Let me make this easy for everybody.
We, the people, in the form of our various governments, have been making a variety of promises with dollar signs attached… where said dollars would be paid in the future.
We do not have the money to cover those promises, as they are currently constituted. You can get into the squiggly details of discount rates, “bending the cost curve”, death panels, soaking the rich, and whatnot, but the bottomline is that the demographics are not favorable and when the demographics were favorable and the promises were made, not enough money was not set aside to fulfill the promises:
The federal government’s financial condition deteriorated rapidly last year, far beyond the $1.5 trillion in new debt taken on to finance the budget deficit, a USA TODAY analysis shows.
The government added $5.3 trillion in new financial obligations in 2010, largely for retirement programs such as Medicare and Social Security. That brings to a record $61.6 trillion the total of financial promises not paid for.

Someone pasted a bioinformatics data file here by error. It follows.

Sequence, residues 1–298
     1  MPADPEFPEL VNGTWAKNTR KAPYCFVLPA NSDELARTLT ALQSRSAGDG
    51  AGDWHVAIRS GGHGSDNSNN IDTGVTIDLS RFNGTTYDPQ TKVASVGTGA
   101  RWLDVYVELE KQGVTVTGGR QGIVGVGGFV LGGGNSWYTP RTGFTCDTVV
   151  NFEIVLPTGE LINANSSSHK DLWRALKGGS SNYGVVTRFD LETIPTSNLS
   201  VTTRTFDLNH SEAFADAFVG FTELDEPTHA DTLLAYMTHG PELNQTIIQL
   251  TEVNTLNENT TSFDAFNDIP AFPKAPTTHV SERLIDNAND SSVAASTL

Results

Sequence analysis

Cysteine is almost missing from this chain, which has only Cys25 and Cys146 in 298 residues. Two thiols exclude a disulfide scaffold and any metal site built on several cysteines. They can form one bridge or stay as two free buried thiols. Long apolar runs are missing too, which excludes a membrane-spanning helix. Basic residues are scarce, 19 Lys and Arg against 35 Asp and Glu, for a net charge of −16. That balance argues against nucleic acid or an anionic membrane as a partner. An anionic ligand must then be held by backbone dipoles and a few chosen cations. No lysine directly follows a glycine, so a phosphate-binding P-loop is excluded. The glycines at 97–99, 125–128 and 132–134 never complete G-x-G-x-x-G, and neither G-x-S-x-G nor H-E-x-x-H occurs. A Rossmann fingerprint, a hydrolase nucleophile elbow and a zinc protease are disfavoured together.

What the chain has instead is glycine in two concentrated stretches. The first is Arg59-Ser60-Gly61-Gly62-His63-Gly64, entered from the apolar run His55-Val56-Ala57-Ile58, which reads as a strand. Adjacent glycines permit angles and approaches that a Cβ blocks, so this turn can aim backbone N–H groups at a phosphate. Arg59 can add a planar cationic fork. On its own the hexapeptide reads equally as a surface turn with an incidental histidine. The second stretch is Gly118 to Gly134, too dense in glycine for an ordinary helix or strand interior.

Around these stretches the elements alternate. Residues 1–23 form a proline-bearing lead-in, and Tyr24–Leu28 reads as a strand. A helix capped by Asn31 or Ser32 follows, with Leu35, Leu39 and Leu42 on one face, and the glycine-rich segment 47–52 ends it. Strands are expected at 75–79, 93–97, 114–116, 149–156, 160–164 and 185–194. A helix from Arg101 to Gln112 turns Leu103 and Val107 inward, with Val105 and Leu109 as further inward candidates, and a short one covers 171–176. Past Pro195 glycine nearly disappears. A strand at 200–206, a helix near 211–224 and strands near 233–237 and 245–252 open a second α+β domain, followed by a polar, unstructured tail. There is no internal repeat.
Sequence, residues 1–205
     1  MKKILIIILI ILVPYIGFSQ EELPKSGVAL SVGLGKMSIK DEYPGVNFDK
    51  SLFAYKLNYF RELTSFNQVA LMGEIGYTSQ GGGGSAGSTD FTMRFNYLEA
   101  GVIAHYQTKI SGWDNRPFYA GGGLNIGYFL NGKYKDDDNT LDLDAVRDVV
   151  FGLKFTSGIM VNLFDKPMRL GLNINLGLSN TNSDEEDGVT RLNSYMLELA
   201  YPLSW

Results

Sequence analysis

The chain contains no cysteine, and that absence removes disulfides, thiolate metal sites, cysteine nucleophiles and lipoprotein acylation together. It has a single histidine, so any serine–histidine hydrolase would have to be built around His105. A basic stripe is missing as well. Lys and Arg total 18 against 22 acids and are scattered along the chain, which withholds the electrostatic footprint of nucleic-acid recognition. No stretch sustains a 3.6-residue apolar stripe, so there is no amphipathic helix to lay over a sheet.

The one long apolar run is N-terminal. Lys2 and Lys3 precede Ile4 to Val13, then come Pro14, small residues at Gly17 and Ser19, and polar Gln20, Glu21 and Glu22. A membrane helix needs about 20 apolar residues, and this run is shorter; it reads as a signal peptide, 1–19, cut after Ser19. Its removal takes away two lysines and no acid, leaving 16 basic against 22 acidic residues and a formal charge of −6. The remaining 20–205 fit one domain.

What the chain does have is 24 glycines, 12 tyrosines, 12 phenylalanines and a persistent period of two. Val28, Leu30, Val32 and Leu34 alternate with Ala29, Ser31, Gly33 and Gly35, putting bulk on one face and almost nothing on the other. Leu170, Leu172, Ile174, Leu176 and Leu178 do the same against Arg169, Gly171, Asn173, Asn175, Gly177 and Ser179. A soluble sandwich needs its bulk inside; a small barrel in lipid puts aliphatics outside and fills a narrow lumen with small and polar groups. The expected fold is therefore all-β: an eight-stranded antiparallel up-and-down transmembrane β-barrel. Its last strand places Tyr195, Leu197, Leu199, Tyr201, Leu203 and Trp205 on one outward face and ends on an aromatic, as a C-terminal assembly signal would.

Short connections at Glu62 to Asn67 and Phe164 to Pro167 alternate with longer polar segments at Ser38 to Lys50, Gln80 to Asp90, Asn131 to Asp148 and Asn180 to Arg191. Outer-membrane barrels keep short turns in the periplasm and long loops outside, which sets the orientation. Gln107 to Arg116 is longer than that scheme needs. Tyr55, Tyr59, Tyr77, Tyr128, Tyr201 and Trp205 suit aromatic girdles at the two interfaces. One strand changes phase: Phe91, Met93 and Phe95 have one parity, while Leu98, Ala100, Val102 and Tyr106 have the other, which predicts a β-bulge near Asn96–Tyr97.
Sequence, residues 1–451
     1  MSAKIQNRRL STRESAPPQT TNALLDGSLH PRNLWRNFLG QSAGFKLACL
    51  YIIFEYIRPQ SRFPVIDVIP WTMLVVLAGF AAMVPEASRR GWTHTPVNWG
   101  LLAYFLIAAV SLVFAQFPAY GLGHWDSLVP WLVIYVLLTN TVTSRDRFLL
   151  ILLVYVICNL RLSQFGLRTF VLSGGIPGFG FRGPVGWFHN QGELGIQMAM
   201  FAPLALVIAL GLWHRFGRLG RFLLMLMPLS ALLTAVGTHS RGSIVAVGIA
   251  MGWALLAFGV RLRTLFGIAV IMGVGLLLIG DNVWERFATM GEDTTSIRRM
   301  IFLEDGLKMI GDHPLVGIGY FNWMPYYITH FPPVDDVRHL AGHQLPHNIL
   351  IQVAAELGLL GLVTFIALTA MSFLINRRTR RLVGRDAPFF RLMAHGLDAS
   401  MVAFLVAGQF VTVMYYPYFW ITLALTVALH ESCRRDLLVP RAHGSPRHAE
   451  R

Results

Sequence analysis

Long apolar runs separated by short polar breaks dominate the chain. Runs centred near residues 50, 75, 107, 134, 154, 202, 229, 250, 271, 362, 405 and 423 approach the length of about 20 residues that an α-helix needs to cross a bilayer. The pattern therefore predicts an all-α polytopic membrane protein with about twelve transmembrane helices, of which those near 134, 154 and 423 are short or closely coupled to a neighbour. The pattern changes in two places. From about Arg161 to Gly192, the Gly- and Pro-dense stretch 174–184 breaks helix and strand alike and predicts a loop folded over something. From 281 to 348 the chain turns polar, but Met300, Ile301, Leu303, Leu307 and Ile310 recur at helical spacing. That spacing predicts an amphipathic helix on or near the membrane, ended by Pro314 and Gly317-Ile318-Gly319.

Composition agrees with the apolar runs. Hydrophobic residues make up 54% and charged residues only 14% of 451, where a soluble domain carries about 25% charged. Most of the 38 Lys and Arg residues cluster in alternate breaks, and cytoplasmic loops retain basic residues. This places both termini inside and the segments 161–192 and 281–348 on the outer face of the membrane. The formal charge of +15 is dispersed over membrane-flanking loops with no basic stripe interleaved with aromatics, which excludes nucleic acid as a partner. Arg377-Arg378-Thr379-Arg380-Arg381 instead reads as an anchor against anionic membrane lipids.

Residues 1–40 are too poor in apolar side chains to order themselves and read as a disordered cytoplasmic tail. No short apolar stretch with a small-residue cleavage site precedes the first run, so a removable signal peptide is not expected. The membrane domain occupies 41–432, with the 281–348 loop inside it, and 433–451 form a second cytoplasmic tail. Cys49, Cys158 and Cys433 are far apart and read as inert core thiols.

This gap between spending commitments and revenue last year equals more than one-third of the nation’s gross domestic product.
The $61.6 trillion in unfunded obligations amounts to $527,000 per household. That’s more than five times what Americans have borrowed for everything else — mortgages, car loans and other debt. It reflects the challenge as the number of retirees soars over the next 20 years and seniors try to collect on those spending promises.
Now, I agree that these promises will not bankrupt the U.S. — because they likely will not be fulfilled. And this is going to hit with the Boomers, because they are much too big a demographic bulge with too few to follow.
So I’m not particularly worried about things as my expectations are low to begin with. Unsustainable stuff will not be sustained.
But you know, some people may get cheesed off when they don’t get 100% of what they expected.